Credits and Acknowledgments
Sarah Thomas is a violinist, teacher, and writer based in Baltimore, MD. She received both Bachelor and Master of Music Degrees from the Peabody Conservatory, completing her studies in 2019. This project was made possible by the Hugh Hawkins Research Fellowships for the Study of Hopkins History, of which Thomas was a recipient in 2018. For questions regarding this research, contact her at firstname.lastname@example.org.
To the Hugh Hawkins Research Fellowship committee, thank you for the opportunity to conduct this research, and for your investment in preserving Johns Hopkins history.
To Matt Testa and Judah Adashi, my mentors throughout this project, you have my unending gratitude. None of this would have happened without your encouragement, support, patience, thoughtful feedback and insight, and willingness to jump into this project with me.
To the alumni and current students who took the time to share your stories – Jada Campbell, Alex D’Amico, Robert Gorham, Tom Griffin, Phyllis Harris-Bronson, Wilda Heiss, Mark Markham, Paul Matlin, Audrey McCallum, Mellasenah Morris, William Myers, Rahel Lulseged, and Yasmeen Richards – thank you from the bottom of my heart. Without you, this project would be meaningless. You added a depth to this research that went far beyond what I expected when I began this journey, and your willingness to be a part of this is both humbling and inspiring.
To Debbie Kennison, thank you for your time, kindness, and investment in connecting me with the incredible alumni who took part in this project. You have a beautiful and unique ability to bring people together in every situation.
To Shodekeh, your interest in and support of this project means the world. Thank you for your help digging up hard-to-find information about the Baltimore Institute of Musical Arts, your ever-present willingness to engage in conversation about history and society, and your contagious curiosity.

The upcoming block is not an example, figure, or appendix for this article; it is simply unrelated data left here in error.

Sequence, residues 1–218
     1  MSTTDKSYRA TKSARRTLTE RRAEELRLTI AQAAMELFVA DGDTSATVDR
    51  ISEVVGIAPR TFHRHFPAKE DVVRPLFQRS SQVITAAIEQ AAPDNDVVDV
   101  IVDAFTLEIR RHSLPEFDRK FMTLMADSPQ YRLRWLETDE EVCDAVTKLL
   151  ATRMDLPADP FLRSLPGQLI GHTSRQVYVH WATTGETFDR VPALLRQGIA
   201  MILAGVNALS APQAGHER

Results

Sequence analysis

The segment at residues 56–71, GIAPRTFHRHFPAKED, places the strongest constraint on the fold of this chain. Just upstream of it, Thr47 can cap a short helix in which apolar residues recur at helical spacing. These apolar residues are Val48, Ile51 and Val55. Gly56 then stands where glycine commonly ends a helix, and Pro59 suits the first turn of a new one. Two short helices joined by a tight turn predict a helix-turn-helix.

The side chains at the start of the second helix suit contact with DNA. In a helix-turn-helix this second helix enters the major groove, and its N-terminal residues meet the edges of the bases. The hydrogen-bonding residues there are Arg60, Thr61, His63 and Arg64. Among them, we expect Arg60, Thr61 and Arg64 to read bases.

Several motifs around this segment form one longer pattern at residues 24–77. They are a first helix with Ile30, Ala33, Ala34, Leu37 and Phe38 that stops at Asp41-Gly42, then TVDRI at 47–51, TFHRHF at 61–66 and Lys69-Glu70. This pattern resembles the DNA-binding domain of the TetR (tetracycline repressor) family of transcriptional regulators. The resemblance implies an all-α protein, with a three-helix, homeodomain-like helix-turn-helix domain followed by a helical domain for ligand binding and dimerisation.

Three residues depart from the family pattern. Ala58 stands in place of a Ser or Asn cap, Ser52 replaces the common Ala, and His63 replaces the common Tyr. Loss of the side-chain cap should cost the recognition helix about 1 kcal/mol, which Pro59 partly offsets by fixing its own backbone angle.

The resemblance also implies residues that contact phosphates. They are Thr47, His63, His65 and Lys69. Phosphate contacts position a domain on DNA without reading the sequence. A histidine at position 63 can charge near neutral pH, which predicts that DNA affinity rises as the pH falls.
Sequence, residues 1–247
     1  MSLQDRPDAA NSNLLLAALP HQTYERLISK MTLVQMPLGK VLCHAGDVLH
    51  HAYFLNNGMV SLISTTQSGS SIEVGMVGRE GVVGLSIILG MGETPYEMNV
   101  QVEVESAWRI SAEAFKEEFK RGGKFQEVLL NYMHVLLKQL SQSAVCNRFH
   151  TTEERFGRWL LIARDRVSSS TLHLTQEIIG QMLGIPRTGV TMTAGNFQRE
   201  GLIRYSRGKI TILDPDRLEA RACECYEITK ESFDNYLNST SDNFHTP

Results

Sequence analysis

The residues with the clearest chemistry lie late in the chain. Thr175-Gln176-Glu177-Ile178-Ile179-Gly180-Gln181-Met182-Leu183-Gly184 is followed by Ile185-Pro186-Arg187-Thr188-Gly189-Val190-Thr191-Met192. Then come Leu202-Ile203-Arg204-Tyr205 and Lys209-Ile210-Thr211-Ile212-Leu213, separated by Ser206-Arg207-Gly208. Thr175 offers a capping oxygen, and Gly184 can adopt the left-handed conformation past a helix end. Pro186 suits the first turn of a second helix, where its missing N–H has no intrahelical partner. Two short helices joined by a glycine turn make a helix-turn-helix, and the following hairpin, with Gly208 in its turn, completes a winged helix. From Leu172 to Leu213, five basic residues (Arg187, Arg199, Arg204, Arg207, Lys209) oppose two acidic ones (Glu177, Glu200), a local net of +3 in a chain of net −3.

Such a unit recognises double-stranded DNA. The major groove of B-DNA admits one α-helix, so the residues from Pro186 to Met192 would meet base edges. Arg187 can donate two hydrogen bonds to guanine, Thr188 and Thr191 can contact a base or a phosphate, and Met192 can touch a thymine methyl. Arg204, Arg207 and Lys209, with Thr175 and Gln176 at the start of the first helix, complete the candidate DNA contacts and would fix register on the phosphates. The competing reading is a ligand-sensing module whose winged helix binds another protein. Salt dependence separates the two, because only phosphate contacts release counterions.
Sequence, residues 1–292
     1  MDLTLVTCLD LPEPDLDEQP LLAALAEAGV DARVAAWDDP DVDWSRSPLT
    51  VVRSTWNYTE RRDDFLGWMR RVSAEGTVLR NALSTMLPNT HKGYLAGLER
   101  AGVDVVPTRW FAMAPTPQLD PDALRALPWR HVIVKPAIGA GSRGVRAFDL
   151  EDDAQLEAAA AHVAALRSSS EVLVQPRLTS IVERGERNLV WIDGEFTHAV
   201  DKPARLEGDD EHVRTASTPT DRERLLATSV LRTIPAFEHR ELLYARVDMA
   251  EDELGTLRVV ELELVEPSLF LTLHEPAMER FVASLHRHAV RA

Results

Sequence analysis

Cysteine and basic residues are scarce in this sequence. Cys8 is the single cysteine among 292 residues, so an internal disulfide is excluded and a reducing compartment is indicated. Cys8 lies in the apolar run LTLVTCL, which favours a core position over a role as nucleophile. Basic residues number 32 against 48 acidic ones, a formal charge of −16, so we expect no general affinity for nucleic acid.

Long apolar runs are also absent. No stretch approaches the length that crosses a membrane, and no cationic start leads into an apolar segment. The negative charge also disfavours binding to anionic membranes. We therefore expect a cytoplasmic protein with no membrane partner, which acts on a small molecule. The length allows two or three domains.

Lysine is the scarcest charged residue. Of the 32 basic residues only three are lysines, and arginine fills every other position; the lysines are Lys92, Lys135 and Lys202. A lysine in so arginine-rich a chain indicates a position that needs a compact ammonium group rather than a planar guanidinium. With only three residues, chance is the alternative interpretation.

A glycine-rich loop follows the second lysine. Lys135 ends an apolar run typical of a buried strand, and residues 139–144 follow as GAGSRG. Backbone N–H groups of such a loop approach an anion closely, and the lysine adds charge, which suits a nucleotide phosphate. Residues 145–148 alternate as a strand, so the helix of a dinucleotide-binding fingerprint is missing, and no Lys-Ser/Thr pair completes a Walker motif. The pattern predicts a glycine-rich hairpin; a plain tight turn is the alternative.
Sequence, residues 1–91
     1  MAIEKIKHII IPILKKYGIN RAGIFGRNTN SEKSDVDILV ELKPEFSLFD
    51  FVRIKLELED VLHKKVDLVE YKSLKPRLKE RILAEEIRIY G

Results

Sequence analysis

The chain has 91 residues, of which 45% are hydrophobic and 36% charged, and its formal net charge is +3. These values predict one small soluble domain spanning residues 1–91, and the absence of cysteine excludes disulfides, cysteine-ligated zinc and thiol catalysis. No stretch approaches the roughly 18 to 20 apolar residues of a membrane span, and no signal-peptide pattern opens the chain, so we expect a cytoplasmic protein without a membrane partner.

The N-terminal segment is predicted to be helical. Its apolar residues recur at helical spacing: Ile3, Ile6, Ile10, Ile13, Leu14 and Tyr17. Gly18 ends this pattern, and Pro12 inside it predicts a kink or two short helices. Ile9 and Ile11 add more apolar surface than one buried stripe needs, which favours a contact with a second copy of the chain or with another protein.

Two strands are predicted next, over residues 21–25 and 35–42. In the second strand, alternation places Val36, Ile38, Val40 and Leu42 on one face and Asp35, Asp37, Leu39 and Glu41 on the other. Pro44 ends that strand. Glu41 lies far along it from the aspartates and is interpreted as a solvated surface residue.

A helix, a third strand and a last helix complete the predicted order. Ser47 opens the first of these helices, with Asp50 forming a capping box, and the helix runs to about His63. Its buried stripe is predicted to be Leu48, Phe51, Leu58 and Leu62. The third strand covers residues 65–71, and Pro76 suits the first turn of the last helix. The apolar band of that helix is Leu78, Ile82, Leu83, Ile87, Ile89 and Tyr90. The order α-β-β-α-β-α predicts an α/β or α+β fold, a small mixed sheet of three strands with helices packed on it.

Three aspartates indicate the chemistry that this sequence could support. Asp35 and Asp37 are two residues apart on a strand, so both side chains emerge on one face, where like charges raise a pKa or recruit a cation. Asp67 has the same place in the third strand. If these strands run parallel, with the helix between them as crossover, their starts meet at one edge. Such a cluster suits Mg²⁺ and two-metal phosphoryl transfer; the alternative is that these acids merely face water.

To Mark Cyzyk, thank you for teaching me how to use Omeka, answering questions, troubleshooting, and making this exhibit portion of this project possible - this couldn’t have happened without you!
To the incredible Sheridan Libraries Special Collections team, thank you for everything you do to make so many resources available for research and the preservation of Hopkins history. Special thanks to Gabrielle Dean, Paul Espinosa, Amy Kimball, Jennifer Kinniff, and Jim Simpert, who answered questions and directed me towards resources that I never knew existed.
To Nathan Connolly, thank you for your guidance and perspective early on in this project. Speaking with you gave me a solid framework on which to build and a sense of how important it is to remember the larger picture Baltimore’s unique history.
To those who provided information and resources outside of the Sheridan Libraries’ database – Barbara Benedett (Curtis Institute of Music), Rebecca Cain (Baltimore Symphony Orchestra), David Peter Coppen and Vincent Lenti (Eastman School of Music), Sandra Glascock (Maryland Historical Society), Deborah Harner (Goucher College), Louisa Hoffman (Oberlin College), Kevin McLaughlin (Cleveland Institute of Music), Christina Meninger (Loyola-Notre Dame Library), Maryalice Perrin-Mohr (New England Conservatory), and Jenny Swadosh (The New School) – thank you for taking the time to answer questions and provide resources that allowed me to see the larger context surrounding Peabody’s history. Without your help, it would have been impossible to place my research within an accurate and meaningful framework.
To all my friends (you know who you are), and especially my roommates, thank you for letting me talk your ears off about this project, reading drafts (shoutout to Bronwyn and Emilie for reading the entire paper out loud to me!), and offering the moral support that kept me going over the last year and a half.